Studies by Kinsey in 1948 and Janus in 1993 have found bisexuals to represent between 22% to 37% of the population.

Lots of potential for growth there...!
posted by markkraft at 3:27 AM on February 18, 2013


DC also has legalized same-sex marriage, and didn't the Feds recently start easing restrictions on benefits for same-sex domestic partnerships?
posted by jetlagaddict at 4:31 AM on February 18, 2013


It's probably worth noting that it's not uncommon for trans people, post-transition, to blend to the point where not even their doctors know they're trans. Particularly for older women. Many no longer identify as transgender or transsexual and don't consider themselves part of any LGBT minority.

Also,
The London Sex Survey has been released by Time Out London, and almost a quarter of men said they’d had, or would have a same-sex sexual encounter, and more than half of women said the same.

According to the survey, 60% of female respondents said they had had, or would have a same-sex sexual experience, and 23% of men said the same.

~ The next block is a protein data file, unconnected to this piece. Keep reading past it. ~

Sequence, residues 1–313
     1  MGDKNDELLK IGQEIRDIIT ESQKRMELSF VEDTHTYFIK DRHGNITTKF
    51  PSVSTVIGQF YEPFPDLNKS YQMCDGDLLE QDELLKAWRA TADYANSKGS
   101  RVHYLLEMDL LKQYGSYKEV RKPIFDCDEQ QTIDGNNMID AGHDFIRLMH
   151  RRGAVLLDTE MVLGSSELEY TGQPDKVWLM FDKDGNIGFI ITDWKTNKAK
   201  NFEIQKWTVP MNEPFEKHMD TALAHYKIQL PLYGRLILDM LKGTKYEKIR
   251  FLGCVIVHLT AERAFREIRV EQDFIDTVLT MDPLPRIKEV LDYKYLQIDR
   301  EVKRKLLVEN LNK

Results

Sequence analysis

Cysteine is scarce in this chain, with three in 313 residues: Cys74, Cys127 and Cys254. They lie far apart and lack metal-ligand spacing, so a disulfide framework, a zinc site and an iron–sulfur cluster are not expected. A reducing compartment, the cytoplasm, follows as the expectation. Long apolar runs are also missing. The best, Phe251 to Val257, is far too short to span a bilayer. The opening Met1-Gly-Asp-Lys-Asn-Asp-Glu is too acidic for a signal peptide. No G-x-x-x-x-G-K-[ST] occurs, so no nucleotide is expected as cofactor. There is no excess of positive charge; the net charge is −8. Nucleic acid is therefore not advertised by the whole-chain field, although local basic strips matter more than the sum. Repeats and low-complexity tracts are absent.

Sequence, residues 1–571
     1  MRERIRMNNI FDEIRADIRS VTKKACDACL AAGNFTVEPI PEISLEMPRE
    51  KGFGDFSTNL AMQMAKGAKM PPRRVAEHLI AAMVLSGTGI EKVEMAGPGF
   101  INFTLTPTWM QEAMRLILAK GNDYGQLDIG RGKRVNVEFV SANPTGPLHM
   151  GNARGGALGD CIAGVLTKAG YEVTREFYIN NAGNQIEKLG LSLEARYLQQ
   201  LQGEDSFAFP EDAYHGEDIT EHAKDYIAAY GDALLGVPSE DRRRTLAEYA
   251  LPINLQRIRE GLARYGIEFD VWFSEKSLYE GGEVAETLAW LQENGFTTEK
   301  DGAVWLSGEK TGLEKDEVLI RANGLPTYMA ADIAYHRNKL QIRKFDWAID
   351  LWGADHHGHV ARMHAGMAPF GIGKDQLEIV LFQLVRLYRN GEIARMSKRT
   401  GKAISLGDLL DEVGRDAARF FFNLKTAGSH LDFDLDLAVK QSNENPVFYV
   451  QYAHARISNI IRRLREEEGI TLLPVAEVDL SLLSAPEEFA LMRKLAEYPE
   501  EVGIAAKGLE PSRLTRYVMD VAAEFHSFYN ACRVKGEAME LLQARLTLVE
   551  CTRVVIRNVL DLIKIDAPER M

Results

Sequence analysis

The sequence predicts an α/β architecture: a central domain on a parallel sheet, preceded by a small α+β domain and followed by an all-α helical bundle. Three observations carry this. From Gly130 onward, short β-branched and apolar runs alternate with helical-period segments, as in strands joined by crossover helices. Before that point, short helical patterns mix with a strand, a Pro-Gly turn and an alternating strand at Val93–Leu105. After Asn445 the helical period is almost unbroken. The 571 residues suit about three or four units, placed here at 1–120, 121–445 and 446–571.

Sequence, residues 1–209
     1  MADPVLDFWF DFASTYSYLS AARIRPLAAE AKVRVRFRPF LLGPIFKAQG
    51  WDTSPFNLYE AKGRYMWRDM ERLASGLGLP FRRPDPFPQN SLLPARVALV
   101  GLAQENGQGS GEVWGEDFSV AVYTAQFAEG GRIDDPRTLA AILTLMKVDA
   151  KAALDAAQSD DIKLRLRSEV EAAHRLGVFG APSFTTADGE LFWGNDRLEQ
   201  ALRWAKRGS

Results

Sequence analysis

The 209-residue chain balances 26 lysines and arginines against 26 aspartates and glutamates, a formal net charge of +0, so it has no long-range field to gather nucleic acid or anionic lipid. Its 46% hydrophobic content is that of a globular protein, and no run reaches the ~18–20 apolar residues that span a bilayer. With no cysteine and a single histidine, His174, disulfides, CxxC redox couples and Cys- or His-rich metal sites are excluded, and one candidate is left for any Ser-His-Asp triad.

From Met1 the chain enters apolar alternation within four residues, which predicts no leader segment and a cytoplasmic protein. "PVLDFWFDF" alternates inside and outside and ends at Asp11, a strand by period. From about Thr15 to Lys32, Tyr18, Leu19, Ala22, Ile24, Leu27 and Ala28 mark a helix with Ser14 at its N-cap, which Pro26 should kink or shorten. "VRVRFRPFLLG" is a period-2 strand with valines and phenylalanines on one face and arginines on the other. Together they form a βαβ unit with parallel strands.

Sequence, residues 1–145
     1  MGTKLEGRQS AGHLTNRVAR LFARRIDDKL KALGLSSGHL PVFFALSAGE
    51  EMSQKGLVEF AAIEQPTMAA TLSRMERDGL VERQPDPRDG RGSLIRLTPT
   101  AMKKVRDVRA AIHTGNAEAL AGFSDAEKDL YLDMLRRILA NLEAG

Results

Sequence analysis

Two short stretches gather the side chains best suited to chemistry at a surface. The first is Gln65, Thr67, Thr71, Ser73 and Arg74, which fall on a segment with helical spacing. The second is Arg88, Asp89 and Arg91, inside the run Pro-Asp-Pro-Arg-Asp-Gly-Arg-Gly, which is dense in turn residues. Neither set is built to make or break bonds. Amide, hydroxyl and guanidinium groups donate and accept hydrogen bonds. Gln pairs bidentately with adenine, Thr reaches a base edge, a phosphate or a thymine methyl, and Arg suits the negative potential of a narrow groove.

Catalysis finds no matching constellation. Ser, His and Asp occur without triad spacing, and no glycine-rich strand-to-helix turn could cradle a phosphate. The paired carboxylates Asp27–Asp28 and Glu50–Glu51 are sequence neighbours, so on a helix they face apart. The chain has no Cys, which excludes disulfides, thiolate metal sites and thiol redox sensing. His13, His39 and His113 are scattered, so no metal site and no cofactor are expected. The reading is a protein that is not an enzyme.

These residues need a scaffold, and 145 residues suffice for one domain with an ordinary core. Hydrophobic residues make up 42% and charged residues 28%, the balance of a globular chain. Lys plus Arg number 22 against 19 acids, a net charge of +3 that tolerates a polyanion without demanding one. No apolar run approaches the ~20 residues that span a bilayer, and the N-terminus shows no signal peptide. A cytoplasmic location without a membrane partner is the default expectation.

posted by ArmyOfKittens at 4:32 AM on February 18, 2013 [2 favorites]


> Iowa's large underground homosexual population


"Now Stuart, if you look at the soil around any large U.S. city with a big underground homosexual population - Des Moines, Iowa, perfect example. Look at the soil around Des Moines, Stuart. You can't build on it, you can't grow anything in it. The government says it's due to poor farming. But I know what's really going on, Stuart. I know it's the queers. They're in it with the aliens. They're building landing strips for gay Martians. I swear to God!"
posted by codswallop at 5:07 AM on February 18, 2013 [2 favorites]


Many no longer identify as transgender or transsexual and don't consider themselves part of any LGBT minority.

Yep, that's my brother.

But I expect the replacement rate from people recognizing themselves, due to higher acceptance and more and better information and support, is higher than the "graduation" rate. At the same time my brother transitioned, I recognized myself as genderqueer and maintained the balance.